It is not difficult to see that our youth are inundated with digital technology. They seem to be plugged in all the time. Professor Howard Gardner and Katie Davis explore some of the drawbacks of the digital age and how we can all take control of our lives.
Our generation is sometimes regarded as the App Generation. It is considered as such because our youth use more apps in their lives than anyone else has in history. And many of our youth have become very app -dependent. One of the purposes of writing this book is to ensure that teens become more app-enabled than app-dependent in future.
Young people growing up in our time are not only immersed in apps; they’ve come to think of the world as an ensemble of apps and to see their lives as a string of ordered apps. Apps that encourage new possibilities are app-enabling. However, when teens allow apps to determine and restrict their procedures, choices, and goals, they become app-dependent.
Digital technologies have transformed a teen’s personal identity, intimate relationships, and how she exercises her creative powers. All of these important aspects of a teens’ life have fundamentally changed how they interact with each other and with themselves.
According to Professor Gardner and Katie Davis, the identities of young individuals are increasingly packaged. The packaging has the consequence of minimizing a focus on an inner life, on personal conflicts and struggles, and on quiet reflection and personal identity. The packaging later discourages these same individuals from taking risks of any sort. This is because teens present a polished self online. This self is not real, but it is manufactured online. This can make teens much more self-focused than teens of previous generations.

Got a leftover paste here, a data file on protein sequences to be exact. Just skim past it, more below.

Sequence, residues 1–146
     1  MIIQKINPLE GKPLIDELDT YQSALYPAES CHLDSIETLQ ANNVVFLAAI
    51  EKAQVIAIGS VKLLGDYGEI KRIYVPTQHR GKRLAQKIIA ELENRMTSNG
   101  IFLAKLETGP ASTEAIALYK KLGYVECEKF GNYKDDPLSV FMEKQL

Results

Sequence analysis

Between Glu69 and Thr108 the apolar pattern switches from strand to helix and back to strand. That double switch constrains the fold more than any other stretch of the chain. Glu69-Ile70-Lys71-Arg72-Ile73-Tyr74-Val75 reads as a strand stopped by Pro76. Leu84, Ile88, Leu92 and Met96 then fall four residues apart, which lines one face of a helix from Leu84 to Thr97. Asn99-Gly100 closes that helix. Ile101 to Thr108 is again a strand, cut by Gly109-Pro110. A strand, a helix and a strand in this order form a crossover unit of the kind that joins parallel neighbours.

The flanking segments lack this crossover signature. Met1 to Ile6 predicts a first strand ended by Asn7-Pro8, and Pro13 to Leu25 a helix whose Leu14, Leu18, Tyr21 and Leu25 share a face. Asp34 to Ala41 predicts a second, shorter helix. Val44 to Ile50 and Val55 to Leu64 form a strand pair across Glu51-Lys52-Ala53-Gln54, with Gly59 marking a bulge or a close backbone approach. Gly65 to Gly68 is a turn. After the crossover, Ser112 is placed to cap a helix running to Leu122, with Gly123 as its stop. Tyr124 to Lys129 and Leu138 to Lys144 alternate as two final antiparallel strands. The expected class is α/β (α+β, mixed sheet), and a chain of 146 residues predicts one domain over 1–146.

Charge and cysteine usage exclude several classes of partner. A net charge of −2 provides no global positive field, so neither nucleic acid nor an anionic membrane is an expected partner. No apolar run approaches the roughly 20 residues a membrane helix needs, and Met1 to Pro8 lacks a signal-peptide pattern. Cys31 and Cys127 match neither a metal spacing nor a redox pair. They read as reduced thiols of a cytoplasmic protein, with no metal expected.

Today’s youth also communicate in fundamentally different ways from earlier generations. Internet-enabled cell phones, tablets, and laptops have altered what can be said, where, and to whom. Perhaps the most notable change is the constancy of communication and the immediacy of it. The typical teen sends 60 text messages a day. Among teen girls, the number can jump to as much as 100. Yet teens feel lonelier and more socially isolated. Teens are therefore more and more connected but less and less able to really connect with others face to face.
Apps have also altered the landscape of imaginative expression. They have affected every facet of the creative process. Imagination is a difficult process to define and measure. Digital media may also disrupt the mental processes that are conducive to creative thought in youth.
Thus, as Gardner and Davis note, it is crucially important for teens to take back their creative and mental powers. They can do this by unplugging from technologies from time to time and only using technologies to pursue new possibilities. Otherwise, teens should monitor their own app-dependence and create a reality that will allow them to have more creative and mental control over their lives and time.Powered by Sidelines